The term "sociocultural system" embraces three concepts: society, culture, and system. A society is a number of interdependent organisms of the same species. A culture is the learned behaviors that are shared by the members of a society, together with the material products of such behaviors. The words "society" and "culture" are fused together to form the word "sociocultural". A system is "a collection of parts which interact with each other to function as a whole". The term sociocultural system is most likely to be found in the writings of anthropologists who specialize in ecological anthropology.
In 1979, Marvin Harris outlined a universal structure of sociocultural systems. He mentioned infrastructure (production and population), structure (which is behavioural, like corporations, political organizations, hierarchies, castes), and a superstructure (which is mental, like beliefs, values, norms).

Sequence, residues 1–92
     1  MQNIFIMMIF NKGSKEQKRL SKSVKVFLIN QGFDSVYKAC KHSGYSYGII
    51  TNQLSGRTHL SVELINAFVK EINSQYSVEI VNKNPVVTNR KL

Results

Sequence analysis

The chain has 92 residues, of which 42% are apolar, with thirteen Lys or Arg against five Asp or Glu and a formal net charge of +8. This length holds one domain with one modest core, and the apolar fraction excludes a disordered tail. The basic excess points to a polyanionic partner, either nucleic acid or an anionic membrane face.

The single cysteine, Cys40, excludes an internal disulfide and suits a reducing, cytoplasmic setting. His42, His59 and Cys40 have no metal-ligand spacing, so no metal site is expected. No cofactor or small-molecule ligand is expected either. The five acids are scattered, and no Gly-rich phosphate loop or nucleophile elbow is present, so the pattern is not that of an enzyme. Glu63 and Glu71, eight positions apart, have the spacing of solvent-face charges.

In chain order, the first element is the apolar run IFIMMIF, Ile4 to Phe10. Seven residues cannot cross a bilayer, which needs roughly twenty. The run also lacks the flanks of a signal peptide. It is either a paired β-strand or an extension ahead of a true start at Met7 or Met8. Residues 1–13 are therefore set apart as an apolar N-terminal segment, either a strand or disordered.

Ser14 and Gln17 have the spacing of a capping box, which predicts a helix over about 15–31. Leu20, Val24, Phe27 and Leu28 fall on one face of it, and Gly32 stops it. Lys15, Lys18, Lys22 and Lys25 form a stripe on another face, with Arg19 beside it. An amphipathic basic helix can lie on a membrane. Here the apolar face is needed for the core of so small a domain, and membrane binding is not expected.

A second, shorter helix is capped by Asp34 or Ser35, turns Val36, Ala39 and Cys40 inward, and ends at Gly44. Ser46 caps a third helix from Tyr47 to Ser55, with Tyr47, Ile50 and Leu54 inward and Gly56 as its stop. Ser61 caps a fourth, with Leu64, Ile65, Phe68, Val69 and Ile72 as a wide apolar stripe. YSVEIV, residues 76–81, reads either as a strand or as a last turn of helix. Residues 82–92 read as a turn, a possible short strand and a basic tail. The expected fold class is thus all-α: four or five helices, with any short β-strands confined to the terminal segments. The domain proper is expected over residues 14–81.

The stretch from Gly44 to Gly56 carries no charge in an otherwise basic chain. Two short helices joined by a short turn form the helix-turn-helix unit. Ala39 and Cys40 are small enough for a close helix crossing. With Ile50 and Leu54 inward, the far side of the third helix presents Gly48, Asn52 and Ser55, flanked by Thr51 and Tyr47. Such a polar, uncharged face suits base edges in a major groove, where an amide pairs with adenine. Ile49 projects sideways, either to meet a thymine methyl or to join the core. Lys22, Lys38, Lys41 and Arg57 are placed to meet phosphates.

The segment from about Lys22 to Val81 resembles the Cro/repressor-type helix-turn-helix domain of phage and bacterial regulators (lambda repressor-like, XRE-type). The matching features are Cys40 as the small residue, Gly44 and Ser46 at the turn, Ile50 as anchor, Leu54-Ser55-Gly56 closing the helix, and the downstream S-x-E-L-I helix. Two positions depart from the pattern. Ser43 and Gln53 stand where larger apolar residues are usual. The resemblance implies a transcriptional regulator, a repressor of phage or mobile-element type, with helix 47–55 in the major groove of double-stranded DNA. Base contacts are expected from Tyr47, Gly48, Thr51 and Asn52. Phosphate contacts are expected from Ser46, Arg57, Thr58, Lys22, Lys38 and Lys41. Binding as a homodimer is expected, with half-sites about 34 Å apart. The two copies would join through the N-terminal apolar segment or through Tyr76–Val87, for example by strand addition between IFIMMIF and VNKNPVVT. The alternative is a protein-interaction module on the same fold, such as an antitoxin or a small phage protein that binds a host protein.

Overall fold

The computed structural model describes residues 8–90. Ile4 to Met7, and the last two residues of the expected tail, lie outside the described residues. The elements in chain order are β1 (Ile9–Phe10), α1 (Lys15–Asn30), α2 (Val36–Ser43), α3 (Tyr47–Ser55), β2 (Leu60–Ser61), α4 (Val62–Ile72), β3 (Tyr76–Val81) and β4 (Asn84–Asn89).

- Nanda, Serena (1984). Cultural Anthropology, second edition. Stamford, Connecticut: Wadsworth Publishing Company (Cengage Learning). ISBN 978-0-534-02749-0
- Kauffman, Draper L. (1980). Systems One: An Introduction to Systems Thinking. Minneapolis, MN: Future Systems Inc. ISBN 978-99962-805-1-1
- Elwell, Frank W., 2013, "Harris on the Universal Structure of Society," Retrieved 2015-02-15, http://www.faculty.rsu.edu/~felwell/Theorists/Essays/Harris1.htm
- Sociocultural Systems:Principles of Structure and Change, Frank W. Elwell, CC BY-NC-ND 2.5 CA.